Big Night ***1/2


One Liner Review:

A funny, unique comedy about two brothers who own a failing restaurant and try to find a solution to their money problems.

Brief Review:


Big Night is a movie that takes on the subject of a restaurant and the two brothers who run it and finds all the right tones of humor in the way these two guys interact with the world. The brothers are played by Stanley Tucci as Secondo and Tony Shaloub as Primo. Secondo is the waiter and Primo is the cook. In addition, together they run this restaurant the way they want, which is quite different from the way the restaurant owner across the street, played by Ian Holm, conducts his establishment.


The boys keep their place traditional, which means traditional art, music, and most importantly food. Holm’s place, on the contrary, is more mainstream and jazz club-like. When Primo describes to one of his friends the kind of things that go on at Holm’s restaurant, he starts shouting out, “Rape! The Rape of cuisine!” This kind of dialogue is very funny, because either it is a misunderstanding of what the word rape means exactly, or because it is intentionally so vulgar an image that it is really, exactly what the guy intended to say. Either way, it is hilarious.


Primo is the guy who is all about tradition. He is also the brother with the big temper. When a couple comes to the restaurant early on and tries to order two different dishes with starch, Primo nearly freaks out. He cannot believe this woman does not appreciate the first of his dishes that she is having and has to have another one just to get some starch. His brother, second, is the voice of reason, telling him to calm down. When Primo asks his brother why the hell this woman is ordering the second dish, Secondo tells him, “I don’t know, she like starch.” again, it’s the word choice that makes the scene so funny. There aren’t many movies about traditional restaurants to begin with, but how many of them go into the back room with the chef and talk about starch?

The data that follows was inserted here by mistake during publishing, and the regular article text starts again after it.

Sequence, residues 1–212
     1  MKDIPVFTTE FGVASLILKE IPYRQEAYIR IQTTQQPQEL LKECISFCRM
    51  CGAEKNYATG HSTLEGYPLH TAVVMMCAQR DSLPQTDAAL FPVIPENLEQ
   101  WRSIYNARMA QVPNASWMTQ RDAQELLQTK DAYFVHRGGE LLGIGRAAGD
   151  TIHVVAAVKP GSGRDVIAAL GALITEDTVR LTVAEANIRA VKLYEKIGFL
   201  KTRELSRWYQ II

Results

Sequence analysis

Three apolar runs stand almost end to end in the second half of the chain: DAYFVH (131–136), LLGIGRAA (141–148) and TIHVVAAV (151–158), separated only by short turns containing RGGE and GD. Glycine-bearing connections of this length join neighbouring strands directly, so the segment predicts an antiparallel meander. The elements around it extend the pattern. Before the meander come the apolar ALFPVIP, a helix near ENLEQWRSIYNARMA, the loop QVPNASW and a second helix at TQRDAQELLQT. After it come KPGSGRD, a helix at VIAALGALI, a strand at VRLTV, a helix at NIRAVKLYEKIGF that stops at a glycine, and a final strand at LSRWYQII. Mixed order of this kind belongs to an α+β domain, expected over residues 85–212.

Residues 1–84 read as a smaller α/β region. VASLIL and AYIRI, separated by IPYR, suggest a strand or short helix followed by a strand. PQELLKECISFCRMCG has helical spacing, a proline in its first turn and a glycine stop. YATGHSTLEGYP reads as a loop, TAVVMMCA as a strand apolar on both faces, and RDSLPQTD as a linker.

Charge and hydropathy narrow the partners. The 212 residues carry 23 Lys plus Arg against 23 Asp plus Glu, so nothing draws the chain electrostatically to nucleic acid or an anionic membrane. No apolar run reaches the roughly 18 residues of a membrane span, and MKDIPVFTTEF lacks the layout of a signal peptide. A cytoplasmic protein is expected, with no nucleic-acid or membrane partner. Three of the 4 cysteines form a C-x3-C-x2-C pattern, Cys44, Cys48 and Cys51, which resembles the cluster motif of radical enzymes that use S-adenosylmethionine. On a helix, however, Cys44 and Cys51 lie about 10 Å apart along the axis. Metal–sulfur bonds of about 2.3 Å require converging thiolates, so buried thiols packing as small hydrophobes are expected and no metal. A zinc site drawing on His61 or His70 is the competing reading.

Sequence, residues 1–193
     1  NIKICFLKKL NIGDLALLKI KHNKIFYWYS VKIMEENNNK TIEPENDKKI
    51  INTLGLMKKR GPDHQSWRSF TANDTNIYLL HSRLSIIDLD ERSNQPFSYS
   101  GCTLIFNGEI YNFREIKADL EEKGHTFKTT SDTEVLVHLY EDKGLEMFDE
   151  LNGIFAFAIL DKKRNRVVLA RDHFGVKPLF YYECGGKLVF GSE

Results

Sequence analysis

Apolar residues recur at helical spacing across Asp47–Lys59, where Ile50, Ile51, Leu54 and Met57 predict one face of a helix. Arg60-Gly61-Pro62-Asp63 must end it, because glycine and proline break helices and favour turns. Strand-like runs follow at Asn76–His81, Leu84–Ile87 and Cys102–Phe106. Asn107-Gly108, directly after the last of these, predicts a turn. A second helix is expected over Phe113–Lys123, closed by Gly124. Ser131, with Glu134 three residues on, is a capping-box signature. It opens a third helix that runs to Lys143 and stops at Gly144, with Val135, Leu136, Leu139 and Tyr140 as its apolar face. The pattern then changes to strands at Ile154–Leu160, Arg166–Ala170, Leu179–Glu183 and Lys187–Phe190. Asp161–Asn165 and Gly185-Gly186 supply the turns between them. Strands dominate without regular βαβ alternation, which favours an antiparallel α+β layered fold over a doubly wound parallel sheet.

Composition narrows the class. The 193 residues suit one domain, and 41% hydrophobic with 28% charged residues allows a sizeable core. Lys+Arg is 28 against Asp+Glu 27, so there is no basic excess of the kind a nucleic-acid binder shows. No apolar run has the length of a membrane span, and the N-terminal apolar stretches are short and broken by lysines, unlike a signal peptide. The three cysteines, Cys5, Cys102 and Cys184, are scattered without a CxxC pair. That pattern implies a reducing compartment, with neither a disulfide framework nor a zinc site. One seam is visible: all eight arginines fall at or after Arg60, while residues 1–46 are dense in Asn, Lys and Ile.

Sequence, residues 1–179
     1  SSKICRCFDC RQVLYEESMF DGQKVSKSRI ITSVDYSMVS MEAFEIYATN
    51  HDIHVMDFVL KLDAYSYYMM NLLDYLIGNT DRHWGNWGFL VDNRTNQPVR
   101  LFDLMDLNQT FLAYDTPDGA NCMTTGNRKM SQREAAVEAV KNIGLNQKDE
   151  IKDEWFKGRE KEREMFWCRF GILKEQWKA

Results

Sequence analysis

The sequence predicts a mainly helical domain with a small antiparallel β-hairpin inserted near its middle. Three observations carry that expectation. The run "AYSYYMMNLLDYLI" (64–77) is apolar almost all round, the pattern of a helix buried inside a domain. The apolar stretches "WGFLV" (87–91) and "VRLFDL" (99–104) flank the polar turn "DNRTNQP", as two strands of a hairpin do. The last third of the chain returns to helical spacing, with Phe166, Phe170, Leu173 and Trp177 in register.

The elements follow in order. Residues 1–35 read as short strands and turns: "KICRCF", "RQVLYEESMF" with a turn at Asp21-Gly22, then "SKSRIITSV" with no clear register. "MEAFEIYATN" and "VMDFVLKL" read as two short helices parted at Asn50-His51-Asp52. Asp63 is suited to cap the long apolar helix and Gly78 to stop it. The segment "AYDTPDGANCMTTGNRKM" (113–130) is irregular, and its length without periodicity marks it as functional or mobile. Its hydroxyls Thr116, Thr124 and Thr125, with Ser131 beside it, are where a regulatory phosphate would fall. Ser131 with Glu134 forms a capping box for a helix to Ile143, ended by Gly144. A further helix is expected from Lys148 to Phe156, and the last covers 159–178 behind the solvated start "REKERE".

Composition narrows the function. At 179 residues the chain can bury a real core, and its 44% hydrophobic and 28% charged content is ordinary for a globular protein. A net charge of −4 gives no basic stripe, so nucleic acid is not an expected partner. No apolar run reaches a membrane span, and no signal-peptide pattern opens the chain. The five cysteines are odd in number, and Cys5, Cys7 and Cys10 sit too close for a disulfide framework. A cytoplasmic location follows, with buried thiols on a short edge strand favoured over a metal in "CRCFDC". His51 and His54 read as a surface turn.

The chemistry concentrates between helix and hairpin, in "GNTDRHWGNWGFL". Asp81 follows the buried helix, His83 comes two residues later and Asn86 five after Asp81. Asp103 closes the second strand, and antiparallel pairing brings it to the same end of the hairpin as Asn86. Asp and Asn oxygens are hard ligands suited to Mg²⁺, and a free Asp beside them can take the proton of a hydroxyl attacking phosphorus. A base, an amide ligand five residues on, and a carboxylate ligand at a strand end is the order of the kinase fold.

The movie includes both romance and conflict. The conflict leads the essential plot of the film because the boys are behind on their payments and don’t have enough money or enough business to keep the place opened. Secondo goes to a bank advisor and is told the harsh truth about how he needs to come up with the money fast or else they will foreclose on his restaurant.


Not knowing what to do, Secondo goes over to Holm’s place across the street and asks for a loan. Holm is doing very well for himself and wants more than anything for the two brothers to come and work for him. Of course, the brothers have two much pride for that and enjoy having their own place. Holm tells Secondo that he cannot give him the money, but he can do something else for him instead. He’s a close friend of the jazz musician Louis Primo and in the next few days, Primo will be in town. Holm tells Secondo that he will arrange for Louis Primo to have a meal at Secondo’s restaurant. If Secondo gets the press and throws a party that is worthy of media attention, it will probably do wonders for his business.